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Chinese lunar mission heads into uncharted territory Chinese lunar mission heads into uncharted territory
China has launched a mission to the moon to retrieve lunar rocks – the first mission of its kind since the USSR in 1976.... Chinese lunar mission heads into uncharted territory

China has launched a mission to the moon to retrieve lunar rocks – the first mission of its kind since the USSR in 1976.

Monday’s successful launch was China’s 35th this year, as it cements its title as a ‘space-superpower’.

Launched off Hainan Island’s Wenchang Space Site, the mission, named Chang’e-5, is the nation’s ambitious effort to create an international research base on the moon and eventually establish a human colony in the next two decades.

If the Chang’e-5 mission is successful, it will be only the third ever journey to the moon where lunar dirt has been returned to earth. Neil Armstrong and crew famously brought back 842 pounds of lunar soil during the Apollo 17 mission – much of the mammoth-sized sample is still being studied to this day.

The Soviet Union, not to be outdone by NASA and the United States, collected a sample of their own four years later in 1976. Both soil samples have made tremendous contributions to science and the Chang’e-5 mission is no different, stoking interest from the scientific community at large.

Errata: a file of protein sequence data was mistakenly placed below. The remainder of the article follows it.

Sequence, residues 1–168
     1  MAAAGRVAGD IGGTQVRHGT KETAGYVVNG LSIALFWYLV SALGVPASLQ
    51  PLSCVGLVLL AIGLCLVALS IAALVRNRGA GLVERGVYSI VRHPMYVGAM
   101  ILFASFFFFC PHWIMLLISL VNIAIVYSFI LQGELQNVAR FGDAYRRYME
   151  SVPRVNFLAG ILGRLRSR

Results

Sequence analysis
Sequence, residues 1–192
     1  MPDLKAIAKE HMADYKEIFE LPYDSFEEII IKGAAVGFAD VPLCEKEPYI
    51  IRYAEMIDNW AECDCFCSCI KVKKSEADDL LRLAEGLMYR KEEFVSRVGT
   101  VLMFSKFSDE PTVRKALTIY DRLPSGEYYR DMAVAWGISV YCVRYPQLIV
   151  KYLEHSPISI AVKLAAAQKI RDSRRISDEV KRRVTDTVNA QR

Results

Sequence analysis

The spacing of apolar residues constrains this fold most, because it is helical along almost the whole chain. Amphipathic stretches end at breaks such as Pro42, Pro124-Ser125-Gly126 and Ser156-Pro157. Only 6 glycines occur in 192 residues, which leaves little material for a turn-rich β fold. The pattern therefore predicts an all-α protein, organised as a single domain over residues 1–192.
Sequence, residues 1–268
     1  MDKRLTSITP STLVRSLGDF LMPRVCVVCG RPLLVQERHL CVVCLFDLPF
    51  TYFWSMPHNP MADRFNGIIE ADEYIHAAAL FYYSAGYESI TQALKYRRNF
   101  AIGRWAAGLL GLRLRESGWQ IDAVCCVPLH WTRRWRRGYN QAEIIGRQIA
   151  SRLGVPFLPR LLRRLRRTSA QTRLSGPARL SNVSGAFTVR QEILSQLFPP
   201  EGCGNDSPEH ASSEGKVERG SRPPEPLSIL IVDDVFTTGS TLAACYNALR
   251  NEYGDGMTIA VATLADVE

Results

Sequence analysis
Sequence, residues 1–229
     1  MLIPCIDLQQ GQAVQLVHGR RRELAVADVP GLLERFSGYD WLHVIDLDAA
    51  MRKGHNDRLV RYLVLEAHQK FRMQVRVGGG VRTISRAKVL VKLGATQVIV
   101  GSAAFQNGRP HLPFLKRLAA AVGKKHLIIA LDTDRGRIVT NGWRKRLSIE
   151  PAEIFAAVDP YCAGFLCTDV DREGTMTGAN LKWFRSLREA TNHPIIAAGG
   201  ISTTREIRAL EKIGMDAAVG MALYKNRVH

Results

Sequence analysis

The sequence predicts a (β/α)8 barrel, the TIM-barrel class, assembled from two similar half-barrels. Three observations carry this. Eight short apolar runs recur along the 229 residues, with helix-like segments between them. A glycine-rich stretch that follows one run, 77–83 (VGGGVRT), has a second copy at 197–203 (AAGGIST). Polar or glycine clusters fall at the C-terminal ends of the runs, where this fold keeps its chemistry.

David S. Draper, a deputy chief scientist at NASA, remarked on the swift progress China’s space programme has made. Although Russia and the United States have an almost three-decade headstart in crewed flights, China has caught up. Draper believes the new space superpower is going to provide insight into the workings of our solar system and lunar history.

Chang’e-5’s mission is simple: retrieve around four pounds of lunar specimens from the moon’s volcanic plains, known as Mons Rumker.

Mons Rumker, located on the moon’s near side in the Oceanus Procellarum region, is relatively new geographically compared to the now famed Apollo 17 landing site in the 1970s.

The samples collected more than four decades ago were at least 3.1 billion years old – an ancient area of the lunar surface, pockmarked by meteorite impacts sites.

The Mons Rumker landing site is comparatively young at around a billion years old, and scientists are keen to investigate the layers of hardened lava, known as basalt. Its study has ‘implications beyond the moon’, says James W. Head III, professor of Geological Sciences at Brown University.

Scientists are hoping intelligence gleaned from the returned rock samples will help calibrate a crater counting technique to establish the ages of different lunar regions.

Scientists are also keen to measure the levels of elements, such as thorium, in the rocks. Thorium is a radioactive element present on the lunar surface. Scientists have theorised that high levels of thorium decaying would produce the heat necessary to create the volcanic basalt region. Recovering rocks from the Mons Rumker basalt plain will help to understand the sub-surface nature of the moon and whether the interior is hot, cold or in another state.

Xiao Long, a planetary geologist at the China University of Geosciences in Wuhan and one of the landing site selectors, said because of the vastly different landing site to the Apollo missions, researchers could get ‘new science outcomes’.

The mission is expected to return to inner Mongolia sometime in mid-December. 

WhyChinese

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